The light deflecting unit 129 is provided with a polygon mirror 126 having eight mirror surfaces and a motor 146 having an output shaft. The polygon mirror 126 is fixed to the output shaft of the motor 146 which drives the motor 126 at a high revolution. The output shaft of the motor 146 is supported rotatably by a non-contact type bearing. When the polygon mirror 126 is rotated, a laser beam incident on a mirror surface of the polygon mirror is swept approximately horizontally and is deflected at an equal angular velocity. The laser beam thus deflected by the polygon mirror 126 is focused as a light spot onto the photosensitive drum 103 by means of a known focusing lens 128 having fθ characteristics.

The polygon mirror 126 is formed mainly from aluminum by cutting. For increasing the laser beam deflecting speed, it is necessary to rotate the polygon mirror 126 at a high speed. To this end, the motor 146 uses an electromagnetic force and is capable of rotating at a high speed of 10,000 r.p.m. or more, e.g., a known hysteresis synchronous motor or DC servomotor. In the case where the motor 146 is driven at a high speed of 10,000 r.p.m. or more, non-contact type bearings are used as output shaft bearings. A magnetic bearing may be used as a non-contact bearing in the thrust direction, and a pneumatic bearing may be used as a non-contact bearing in the radial direction, as described in Japanese Patent Publication No. 57-49889. If rotation at a high speed exceeding 10,000 r.p.m. is performed using a contact type bearing, e.g., a ball bearing, problems of wear and heat generation of the bearing balls may arise, thus preventing the polygon mirror 126 from being rotated at a high speed and rendering it impossible to increase the laser beam deflecting speed.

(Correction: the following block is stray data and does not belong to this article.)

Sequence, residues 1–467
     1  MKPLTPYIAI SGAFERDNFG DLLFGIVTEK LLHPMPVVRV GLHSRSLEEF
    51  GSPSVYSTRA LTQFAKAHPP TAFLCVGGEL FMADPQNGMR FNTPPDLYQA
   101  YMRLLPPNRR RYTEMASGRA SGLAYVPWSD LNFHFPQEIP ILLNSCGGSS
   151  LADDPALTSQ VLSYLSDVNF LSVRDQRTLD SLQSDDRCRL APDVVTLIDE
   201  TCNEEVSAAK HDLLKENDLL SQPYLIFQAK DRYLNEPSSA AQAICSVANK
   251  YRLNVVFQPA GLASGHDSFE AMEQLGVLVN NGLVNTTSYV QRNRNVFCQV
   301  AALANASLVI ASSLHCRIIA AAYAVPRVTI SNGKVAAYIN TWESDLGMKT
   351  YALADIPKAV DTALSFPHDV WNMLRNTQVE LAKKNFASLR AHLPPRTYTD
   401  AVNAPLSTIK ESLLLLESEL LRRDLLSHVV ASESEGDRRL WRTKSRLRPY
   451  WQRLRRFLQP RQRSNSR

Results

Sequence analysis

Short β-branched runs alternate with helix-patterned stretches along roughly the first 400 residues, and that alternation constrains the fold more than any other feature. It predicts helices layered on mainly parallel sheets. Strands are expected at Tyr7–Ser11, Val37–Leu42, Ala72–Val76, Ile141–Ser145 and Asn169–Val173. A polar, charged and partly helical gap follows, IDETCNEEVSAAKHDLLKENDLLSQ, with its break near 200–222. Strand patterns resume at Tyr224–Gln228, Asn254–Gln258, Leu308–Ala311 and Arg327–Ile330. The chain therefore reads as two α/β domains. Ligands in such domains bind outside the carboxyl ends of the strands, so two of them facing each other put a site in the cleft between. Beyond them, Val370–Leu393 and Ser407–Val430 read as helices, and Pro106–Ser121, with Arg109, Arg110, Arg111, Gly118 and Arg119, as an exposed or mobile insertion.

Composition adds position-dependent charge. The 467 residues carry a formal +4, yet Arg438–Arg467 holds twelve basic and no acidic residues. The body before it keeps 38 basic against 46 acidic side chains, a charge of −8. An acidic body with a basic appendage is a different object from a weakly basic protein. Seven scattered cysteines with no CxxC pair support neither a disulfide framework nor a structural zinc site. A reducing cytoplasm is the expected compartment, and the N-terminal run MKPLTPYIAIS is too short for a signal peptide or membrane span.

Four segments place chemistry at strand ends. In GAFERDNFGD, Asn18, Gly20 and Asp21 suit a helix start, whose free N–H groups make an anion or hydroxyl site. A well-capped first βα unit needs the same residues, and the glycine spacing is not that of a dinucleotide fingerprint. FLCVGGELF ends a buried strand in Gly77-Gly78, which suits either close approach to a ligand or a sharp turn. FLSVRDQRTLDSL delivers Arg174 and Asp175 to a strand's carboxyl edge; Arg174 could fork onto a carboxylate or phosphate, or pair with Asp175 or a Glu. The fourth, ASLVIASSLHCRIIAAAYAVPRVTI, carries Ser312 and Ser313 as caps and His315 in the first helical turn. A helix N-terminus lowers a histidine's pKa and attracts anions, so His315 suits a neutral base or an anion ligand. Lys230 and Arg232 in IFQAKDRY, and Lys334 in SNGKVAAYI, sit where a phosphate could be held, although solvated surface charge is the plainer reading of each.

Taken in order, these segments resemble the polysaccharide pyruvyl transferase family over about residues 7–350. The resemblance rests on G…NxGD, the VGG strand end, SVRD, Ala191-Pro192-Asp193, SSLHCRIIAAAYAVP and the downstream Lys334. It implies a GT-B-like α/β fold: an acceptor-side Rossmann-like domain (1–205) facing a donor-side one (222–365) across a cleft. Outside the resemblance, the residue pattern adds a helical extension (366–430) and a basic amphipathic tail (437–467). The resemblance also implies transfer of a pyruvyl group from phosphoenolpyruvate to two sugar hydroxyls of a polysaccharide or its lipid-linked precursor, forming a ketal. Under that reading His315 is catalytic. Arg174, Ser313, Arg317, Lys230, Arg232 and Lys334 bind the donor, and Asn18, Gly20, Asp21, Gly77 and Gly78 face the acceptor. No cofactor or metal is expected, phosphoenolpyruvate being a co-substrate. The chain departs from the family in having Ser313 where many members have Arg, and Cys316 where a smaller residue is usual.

The beam detecting unit 158 is provided with a reflecting mirror 155, a slit plate 156 having a small incident slit, and a photoelectric conversion element 157 which is high in response speed, e.g., PIN diode. When a laser beam which has been swept by the light deflecting unit 129 reaches a reference position, it is reflected by the reflecting mirror 155, then passes through the slit plate 156 and is detected by the photoelectric conversion element 157. Upon detection of the laser beam, the photoelectric conversion element 157 produces a detected signal. This detected signal is used to determine an emission start timing of the laser beam from the semiconductor laser 148, beam of which has been modulated on the basis of image data.